Social media may be linked to depression

There may be an association between social media and depression in adults, research suggests. 

A report published by the John Hopkins School of Medicine highlighted that those using the internet to either communicate, play games or participate in social media for more than four hours a day showed an increased risk of depression symptoms one year later.

Concurrently, depressive symptoms increased internet use, as well as a decrease in non-online activities.

However, the results of this, and other studies that measure social media’s link to mental health, have been called into question as they often rely on self-reported use of social media.

person using both laptop and smartphone

A review of 47 studies showed that self-reported digital media consumption rarely matched logged time on digital media, calling into question the validity of self-reported results. As well as this, reports such as the one by Johns Hopkins, only look at younger adults and adolescents.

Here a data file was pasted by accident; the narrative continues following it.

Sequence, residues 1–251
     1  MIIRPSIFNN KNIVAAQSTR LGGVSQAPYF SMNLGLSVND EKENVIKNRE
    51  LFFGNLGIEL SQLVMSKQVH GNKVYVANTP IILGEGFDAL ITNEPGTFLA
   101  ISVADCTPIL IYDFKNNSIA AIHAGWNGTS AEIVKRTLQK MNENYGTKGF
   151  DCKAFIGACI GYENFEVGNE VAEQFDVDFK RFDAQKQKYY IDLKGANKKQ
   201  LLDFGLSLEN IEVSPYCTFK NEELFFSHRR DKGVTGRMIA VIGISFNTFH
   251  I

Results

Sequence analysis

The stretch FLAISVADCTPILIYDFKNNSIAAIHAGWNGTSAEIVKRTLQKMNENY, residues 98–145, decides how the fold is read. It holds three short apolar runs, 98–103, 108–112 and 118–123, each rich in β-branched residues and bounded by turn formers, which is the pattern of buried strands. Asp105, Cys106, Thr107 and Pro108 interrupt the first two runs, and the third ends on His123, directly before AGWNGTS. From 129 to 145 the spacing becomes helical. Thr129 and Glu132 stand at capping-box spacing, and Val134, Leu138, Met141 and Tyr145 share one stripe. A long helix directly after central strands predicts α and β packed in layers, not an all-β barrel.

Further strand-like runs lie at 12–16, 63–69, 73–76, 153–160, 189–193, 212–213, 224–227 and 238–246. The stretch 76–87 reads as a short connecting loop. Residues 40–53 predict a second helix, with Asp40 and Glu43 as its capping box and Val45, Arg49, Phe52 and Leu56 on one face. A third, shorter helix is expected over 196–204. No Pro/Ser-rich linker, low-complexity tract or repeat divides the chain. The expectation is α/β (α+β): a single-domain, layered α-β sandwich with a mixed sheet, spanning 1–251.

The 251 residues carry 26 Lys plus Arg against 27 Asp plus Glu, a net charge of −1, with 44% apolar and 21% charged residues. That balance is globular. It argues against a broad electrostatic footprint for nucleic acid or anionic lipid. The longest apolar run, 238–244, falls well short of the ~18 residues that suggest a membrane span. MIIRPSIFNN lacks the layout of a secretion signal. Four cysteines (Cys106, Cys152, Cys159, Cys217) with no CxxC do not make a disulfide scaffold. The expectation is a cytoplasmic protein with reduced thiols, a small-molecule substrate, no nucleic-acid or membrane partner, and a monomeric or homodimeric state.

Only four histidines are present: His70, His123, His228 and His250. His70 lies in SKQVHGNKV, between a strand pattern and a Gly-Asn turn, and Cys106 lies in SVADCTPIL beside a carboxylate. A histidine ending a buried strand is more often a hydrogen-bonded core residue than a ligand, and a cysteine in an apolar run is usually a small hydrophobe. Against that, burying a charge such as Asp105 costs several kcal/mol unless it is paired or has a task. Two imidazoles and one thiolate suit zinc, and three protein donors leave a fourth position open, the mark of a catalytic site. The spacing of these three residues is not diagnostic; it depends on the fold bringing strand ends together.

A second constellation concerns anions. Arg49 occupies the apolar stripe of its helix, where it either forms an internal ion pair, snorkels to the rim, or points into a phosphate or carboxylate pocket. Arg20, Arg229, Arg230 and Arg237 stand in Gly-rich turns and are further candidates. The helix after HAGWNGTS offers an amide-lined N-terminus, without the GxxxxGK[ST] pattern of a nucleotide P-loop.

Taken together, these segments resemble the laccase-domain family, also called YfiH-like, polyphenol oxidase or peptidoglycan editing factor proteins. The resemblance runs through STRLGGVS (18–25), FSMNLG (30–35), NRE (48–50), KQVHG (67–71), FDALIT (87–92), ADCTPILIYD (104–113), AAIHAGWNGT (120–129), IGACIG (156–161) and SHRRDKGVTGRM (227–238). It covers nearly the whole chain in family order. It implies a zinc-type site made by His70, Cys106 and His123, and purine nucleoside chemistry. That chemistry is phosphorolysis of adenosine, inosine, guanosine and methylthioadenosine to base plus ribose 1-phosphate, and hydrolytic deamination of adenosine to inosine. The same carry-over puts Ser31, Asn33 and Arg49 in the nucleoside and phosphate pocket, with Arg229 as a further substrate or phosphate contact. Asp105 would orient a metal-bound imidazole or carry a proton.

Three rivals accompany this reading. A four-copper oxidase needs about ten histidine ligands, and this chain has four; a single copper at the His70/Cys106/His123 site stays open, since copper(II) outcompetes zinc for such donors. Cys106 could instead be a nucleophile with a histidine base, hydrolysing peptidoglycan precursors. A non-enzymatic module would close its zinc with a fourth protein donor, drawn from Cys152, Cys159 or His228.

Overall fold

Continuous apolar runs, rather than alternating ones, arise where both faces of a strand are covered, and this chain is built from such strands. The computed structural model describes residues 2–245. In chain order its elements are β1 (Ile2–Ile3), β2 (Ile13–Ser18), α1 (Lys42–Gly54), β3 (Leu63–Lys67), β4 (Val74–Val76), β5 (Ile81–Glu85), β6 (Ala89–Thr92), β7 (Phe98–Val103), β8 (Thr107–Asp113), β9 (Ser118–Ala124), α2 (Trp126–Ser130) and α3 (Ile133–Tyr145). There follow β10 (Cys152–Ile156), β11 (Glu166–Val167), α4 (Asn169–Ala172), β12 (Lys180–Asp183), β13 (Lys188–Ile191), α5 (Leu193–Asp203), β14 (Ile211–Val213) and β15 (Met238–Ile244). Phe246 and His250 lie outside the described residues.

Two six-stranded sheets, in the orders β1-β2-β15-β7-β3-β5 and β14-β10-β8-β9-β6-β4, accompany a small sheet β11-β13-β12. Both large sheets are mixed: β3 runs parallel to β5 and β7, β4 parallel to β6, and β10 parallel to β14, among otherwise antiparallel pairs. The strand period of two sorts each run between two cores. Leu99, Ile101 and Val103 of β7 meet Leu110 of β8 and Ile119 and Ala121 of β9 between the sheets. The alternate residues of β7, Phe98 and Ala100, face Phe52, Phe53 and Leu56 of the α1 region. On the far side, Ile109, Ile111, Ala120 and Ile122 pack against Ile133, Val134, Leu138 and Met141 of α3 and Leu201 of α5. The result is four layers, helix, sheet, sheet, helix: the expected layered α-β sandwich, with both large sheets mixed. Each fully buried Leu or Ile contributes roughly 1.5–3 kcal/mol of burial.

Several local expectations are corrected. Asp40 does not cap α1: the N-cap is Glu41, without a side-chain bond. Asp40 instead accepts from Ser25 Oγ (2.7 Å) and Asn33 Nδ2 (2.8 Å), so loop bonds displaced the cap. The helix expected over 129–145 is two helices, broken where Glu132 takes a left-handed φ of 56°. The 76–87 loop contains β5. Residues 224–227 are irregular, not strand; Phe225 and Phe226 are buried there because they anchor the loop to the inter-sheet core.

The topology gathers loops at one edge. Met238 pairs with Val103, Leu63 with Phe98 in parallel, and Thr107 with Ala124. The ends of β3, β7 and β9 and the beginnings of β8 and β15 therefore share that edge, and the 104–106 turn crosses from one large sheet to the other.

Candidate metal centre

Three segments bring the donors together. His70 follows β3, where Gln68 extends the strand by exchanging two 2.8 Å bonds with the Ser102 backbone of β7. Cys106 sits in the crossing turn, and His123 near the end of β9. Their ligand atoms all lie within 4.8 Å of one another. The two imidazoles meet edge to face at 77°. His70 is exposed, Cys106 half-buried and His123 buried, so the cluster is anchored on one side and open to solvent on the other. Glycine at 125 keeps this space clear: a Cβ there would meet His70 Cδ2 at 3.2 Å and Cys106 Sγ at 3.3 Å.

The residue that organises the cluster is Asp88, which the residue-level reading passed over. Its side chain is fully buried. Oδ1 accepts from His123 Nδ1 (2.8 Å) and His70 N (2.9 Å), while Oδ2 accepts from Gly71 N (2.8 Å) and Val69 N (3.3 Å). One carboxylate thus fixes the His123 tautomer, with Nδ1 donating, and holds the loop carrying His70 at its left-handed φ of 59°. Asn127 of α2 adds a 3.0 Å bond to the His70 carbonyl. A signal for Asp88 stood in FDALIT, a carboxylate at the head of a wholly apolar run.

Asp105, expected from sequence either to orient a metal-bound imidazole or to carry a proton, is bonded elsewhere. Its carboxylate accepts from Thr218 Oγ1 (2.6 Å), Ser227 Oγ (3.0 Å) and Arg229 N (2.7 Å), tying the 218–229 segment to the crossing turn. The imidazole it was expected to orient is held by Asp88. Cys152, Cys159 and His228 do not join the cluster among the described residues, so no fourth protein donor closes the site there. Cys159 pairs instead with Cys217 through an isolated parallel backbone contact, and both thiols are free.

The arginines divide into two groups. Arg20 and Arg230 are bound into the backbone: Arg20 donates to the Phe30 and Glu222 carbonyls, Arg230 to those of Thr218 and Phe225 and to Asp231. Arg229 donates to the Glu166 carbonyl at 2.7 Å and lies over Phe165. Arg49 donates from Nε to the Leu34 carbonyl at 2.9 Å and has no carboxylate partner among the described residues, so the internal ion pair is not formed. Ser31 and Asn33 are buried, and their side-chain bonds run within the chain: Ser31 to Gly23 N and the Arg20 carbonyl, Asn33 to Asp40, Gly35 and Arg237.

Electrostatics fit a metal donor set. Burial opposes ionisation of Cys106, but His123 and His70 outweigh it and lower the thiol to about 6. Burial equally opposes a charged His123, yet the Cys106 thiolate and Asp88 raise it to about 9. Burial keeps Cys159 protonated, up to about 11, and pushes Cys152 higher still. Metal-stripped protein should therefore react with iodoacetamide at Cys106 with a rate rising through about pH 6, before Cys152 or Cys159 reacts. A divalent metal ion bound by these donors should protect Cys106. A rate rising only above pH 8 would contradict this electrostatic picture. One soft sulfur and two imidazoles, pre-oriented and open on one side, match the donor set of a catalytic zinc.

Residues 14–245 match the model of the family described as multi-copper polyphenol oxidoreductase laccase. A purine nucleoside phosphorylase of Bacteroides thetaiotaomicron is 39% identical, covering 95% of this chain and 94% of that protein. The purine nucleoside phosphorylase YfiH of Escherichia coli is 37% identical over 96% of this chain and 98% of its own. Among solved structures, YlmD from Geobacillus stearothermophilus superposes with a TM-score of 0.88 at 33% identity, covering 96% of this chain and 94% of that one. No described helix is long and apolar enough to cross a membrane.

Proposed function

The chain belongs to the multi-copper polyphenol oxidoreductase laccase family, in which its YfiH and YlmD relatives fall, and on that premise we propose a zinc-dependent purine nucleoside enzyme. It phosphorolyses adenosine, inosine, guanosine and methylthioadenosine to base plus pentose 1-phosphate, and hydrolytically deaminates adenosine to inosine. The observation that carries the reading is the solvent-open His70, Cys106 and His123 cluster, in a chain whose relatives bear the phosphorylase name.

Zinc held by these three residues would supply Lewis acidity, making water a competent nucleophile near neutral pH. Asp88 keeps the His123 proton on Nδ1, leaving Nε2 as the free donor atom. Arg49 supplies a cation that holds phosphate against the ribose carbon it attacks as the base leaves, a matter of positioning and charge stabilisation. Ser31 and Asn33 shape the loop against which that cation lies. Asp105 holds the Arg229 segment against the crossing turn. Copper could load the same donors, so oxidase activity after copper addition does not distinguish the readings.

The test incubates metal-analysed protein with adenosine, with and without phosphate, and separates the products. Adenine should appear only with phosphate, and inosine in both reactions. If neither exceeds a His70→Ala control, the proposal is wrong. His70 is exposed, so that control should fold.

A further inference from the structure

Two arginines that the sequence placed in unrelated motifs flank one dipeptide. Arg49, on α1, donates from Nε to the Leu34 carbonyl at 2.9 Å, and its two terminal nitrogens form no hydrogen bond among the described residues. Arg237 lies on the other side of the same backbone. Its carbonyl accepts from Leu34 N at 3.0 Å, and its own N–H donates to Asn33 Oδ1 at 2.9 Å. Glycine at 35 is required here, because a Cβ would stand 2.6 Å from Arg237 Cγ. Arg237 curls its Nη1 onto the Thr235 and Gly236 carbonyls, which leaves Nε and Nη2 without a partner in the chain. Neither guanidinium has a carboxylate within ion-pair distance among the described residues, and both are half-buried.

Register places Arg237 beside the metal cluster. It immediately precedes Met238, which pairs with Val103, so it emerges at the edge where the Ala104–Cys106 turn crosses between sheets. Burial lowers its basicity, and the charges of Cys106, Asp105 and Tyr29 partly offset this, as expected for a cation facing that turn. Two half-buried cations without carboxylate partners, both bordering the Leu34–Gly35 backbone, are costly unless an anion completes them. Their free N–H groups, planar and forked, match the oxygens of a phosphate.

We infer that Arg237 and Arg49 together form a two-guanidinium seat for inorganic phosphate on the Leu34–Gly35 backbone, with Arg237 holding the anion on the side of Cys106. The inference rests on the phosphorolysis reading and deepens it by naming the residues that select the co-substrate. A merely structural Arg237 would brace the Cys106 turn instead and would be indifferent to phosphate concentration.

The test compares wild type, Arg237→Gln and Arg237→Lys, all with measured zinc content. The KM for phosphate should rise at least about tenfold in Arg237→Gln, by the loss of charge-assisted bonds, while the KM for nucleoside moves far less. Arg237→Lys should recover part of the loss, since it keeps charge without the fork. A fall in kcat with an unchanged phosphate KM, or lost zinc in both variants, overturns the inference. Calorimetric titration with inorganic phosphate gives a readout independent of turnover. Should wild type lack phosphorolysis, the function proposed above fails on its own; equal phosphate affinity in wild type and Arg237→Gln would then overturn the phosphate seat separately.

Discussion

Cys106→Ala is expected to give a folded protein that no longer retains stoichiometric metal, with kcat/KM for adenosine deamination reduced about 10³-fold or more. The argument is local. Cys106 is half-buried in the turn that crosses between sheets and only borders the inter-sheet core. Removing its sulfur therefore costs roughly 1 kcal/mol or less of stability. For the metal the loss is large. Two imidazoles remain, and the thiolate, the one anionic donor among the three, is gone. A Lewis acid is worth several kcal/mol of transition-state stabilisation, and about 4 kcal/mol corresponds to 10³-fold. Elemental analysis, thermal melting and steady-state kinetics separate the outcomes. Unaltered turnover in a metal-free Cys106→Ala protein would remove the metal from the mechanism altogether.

There is also a debate around which comes first with social media and links to mental health – whether social media causes an increase in depression or anxiety symptoms, or whether the opposite is true.

Researchers state that when isolated, such as in the case of the Covid-19 pandemic, adults may turn to social media as a coping mechanism, as opposed to the other way around.

The ‘idiosyncratic’ use of social media prompts researchers to state there is only questionable causation with these studies – rather than a general, confirm link – with researchers concluding that there needs to be a better understanding and more research of the link between mental health and social media to find out which way causation flows


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